Rome Car Hire
Rome is known as “The Eternal City”. Is there any wonder? A great deal of its architecture dates back over 2000 years, when the Roman Empire ruled from the Black Sea to the Irish Sea!
It is a fascinating thought that so many architectural relics of this early historic period can still be found all over Rome. The most interesting is probably the Colosseum, which is remarkably well-preserved considering its age and the fact that some of its stone was looted over the centuries to build other structures. Tales of the gladiators who fought here have fired the imaginations of young boys down the ages.
Not far away are the remains of the Forum, or market-place, at the heart of ancient Rome. Even complete ruins like these can be highly interesting and evocative.
In complete contrast, the best-preserved First Century building is the Pantheon, the temple to “all the gods”, burial place for Italian monarchs and home to the tomb of Raphael. It is still in one piece! It really is an extraordinary feat of engineering!
Of course, there is architecture in Rome from every period since those ancient times. Italy was where the Renaissance took place in the middle ages. Rome is a treasure house of works of art as a result. Fantastically
ornate churches can be found on almost every corner. Not the sort of thing seen every day by northern Presbyterians in their austere chapels!!
Piazza Navona, Rome’s most beautiful baroque piazza, contains three baroque fountains, surrounded by cafes, making it the social centre of the city. Whilst walking is recommended, the easiest way to get to each point is by car and if you don’t own one then, the easiest option is to hire a Car.
An even more famous fountain, in this city of abundant, elegant fountains, is the beautiful and impressive Fontana di Trevi, hidden away in a little piazza. Legend has it that if you throw a coin into it over your left shoulder, you will return to the Eternal City one day.
Not far away are the Spanish Steps, where the youth of the world sits itself down every day, rests its weary feet and “hangs out”! Just below them, in the Via dei Condotti, are all the classy shops selling expensive designer-labels like Versace, Gucci and Christian Dior, craved by older, very rich people, with the money to buy anything, apart from the youthfulness of those on the nearby steps! Of course, the occasional leggy young lady gets her hands on the designer labels by “falling in love” with someone old enough to be her grand-father!! Strange how such men are always stinking rich!! C’est la vie!!!
Across the River Tiber from this area lies the Vatican City, which is not in Rome, even though it is surrounded by Rome!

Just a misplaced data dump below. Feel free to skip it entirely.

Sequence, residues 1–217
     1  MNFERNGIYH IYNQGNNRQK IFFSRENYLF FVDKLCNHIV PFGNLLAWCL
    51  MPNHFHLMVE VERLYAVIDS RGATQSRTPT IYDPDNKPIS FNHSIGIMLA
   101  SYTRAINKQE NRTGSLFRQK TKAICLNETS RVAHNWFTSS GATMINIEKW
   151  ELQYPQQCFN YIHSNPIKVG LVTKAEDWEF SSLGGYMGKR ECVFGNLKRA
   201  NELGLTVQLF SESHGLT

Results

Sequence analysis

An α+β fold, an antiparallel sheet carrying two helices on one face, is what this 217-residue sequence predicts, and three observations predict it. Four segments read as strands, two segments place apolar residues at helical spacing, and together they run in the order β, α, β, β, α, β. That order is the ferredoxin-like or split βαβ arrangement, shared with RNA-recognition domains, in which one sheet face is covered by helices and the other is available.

The Vatican City is the smallest independent state in the world and has been independent from Italy, and therefore Rome, since the Lateran Treaty of 1929. However, you do not need your passport to enter, even though it has its own Swiss Guards, in colourful uniform! It is a fantastic place. It is also possible to hire a care here as well.
Entering St Peter’s is something you must do, above all else on a trip to Rome. The sheer grandeur and scale of this building is amazing. It is 730 feet long, 364 feet wide and 438 feet from the floor to the top of the dome! Its superb architecture, beauty and size makes one wonder at the skills of architects and craftsmen centuries ago, who did not have any of the mechanical cranes and other lifting equipment of the modern age. Just one of the four large pillars supporting the dome is a massive 50 feet wide!
In one corner is Michaelangelo’s “Pieta”, one of the most famous marble statues in the world. Outside St Peter’s, and around the corner, is the Sistine Chapel, with Michaelangelo’s even more renowned art-work fabulously decorating the ceiling. If ever there was an artistic genius, it is Michaelangelo!
It is worth checking on the times that the Sistine Chapel is open, well before visiting. It is frequently closed and queuing can take hours.
South of the Vatican are the narrow streets of Trastevere, one of the oldest parts of Rome. There are terrific, good-value, high quality restaurants and bars in this area. It is where many Romans socialise in the evening.
One of the best features of Rome is that it is not too big to walk around and since there are interesting architectural features and wonderful piazzas at every turn, walking is just about the best way to see it all.
Rome should be at the top of everyone’s agenda for a city break or as part of a longer holiday in Italy. Come and sample the Dolce Vita!
To Hire a Car in Rome, just fill in your trip details in the search bar on the right hand side and it will return a variety of options to suit you budget.